Unionized home care attendants want the state to increase their base pay to $15 an hour and fund for more training, even as some of their colleague seek to disband the union.
Contract talks with the state begin Friday, Sept. 30. Workers and their clients told reporters on Wednesday that the improvements are needed to stop a home care crisis.
“People with disabilities are not receiving all of the care they need,” Corey Van Denburgh said. “Our loved ones’ health is being put at risk.”
Base pay was set at $11 an hour in the first union contract two years ago, although some workers are paid $17. Van Denburgh and others said that is not enough.
Home care client Nikki Villiavicencio said home care workers also need to be paid overtime, which has not been funded, and be provided more free training, such as for first aid.
Home care workers voted in 2014 to join the Service Employees International Union, which had organized the election authorized by a law approved a year earlier. Over strong Republican opposition, Democrats passed the measure to give workers the right to unionize for the first time.
About 20,000 home care workers belong to the union. An estimated 7,000 others did not join.
Some workers are trying to get a new election to get rid of union representation. They must turn in 9,000 signatures by Dec. 2.
The leader of the anti-union campaign said in July that the union has not helped personal care attendants, but has taken their money.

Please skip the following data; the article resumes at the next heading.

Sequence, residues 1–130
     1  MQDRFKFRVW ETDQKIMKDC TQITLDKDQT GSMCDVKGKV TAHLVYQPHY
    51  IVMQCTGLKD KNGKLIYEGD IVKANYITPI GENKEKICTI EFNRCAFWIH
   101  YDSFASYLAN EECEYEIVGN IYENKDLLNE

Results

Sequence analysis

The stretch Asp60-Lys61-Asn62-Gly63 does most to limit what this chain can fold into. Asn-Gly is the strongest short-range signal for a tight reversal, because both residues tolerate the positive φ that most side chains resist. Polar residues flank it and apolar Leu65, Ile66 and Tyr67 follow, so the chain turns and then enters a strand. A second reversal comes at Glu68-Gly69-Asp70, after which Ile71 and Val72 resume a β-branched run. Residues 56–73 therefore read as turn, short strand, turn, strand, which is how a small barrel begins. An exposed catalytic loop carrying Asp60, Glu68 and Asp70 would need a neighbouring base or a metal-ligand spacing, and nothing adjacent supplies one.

“They’re taking advantage of us, and it’s just not right,” said Kris Greene, a Lakeville worker who cares for her special needs daughter.
Those who met with reporters Wednesday, however, said the union has helped and they expect more help as negotiations resume.
There is a shortage of home care workers, Villiavicencio said, and without a better contract enough may leave the business that clients might not be able to continue living at home.
Jasmine Laducer-Kitto said she has been a home health care worker 11 years, helping Scott, who needs aid eight to 12 hours a day. While she considers her client to be like family, she wondered if she can continue to work for low wages.
“I ask myself, ‘How long do I sacrifice my self worth?’ … It is not OK; this has to stop,” she said.
Jay Spiaka, who has multiple sclerosis and other medical conditions, struggled as he told reporters that walking and talking are difficult, and he expects to get worse. Having a home care worker, he said, “has changed my family’s life.”
Darrell Paulsen invited lawmakers to act as a home care worker for him so they can get an idea of what it is like.
“I want them to feel those struggles, even if it is for just a few minutes,” Paulsen said.